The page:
oscar.j.benjamin at gmail.com
Mon Nov 5 03:08:33 CET 2012
On 4 November 2012 22:33, Steven D'Aprano <steve at pearwood.info> wrote:
> On 05/11/12 08:49, anatoly techtonik wrote:
>> if sys.py3k:
>> # some py2k specific code
> Do you expect every single Python 3.x version will have exactly the same
> feature set? That's not true now, and it won't be true in the future.
> In my option, a better approach is more verbose and a little more work, but
> safer and more reliable: check for the actual feature you care about, not
> some version number. E.g. I do things like this:
> # Bring back reload in Python 3.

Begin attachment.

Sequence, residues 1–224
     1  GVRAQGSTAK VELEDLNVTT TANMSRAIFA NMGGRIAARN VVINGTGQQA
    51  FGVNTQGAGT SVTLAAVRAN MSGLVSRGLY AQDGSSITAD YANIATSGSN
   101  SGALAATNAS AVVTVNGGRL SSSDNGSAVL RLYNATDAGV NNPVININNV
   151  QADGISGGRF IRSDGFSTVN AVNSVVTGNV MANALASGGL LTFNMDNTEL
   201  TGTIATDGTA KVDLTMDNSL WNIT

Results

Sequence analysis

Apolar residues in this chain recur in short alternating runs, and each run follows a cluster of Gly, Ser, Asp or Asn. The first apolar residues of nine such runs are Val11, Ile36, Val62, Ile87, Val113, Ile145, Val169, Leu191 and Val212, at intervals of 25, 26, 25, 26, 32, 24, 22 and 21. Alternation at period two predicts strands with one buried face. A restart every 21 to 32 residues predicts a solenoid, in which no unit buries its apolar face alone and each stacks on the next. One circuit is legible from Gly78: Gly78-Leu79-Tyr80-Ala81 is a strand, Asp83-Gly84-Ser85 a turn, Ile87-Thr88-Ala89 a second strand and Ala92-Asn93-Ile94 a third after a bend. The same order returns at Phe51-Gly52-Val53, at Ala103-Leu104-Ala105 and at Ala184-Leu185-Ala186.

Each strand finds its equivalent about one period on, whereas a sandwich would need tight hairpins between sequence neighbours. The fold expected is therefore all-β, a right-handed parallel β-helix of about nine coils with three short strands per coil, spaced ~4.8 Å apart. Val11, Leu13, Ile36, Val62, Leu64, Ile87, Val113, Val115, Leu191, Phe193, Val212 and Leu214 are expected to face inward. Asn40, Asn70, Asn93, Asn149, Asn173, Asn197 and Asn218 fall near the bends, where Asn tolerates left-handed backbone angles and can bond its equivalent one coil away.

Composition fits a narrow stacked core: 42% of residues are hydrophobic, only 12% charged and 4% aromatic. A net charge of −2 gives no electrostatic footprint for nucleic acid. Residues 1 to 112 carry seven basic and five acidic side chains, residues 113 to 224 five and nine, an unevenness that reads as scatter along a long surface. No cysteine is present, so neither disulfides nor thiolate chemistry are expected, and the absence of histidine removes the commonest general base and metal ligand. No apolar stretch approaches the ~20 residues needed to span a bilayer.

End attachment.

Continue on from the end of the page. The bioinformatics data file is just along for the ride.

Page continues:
> except NameError:
> from imp import reload
There are certain cases where explicitly checking the version makes
sense. I think that Python 3 vs Python 2 is sometimes such a case.
Python 3 changes the meaning of a number of elementary aspects of
Python so that the same code can run without error but with different
semantics under the two different version series.
Checking the version rather than checking the attribute/name would
often be a mistake when comparing say Python 2.6 and Python 2.7 since
you're better off just sticking to 2.6 syntax and checking for
potentially useful names available under 2.7 as you describe.
On the other hand if you are distinguishing between 2.x and 3.x then
it is sometimes clearer and more robust to explicitly make a version
check rather than think hard about how to write code that works in
both cases (and hope that you remember your reasoning later). It also
makes it easier for you to clean up your codebase when you eventually
drop support for 2.x.
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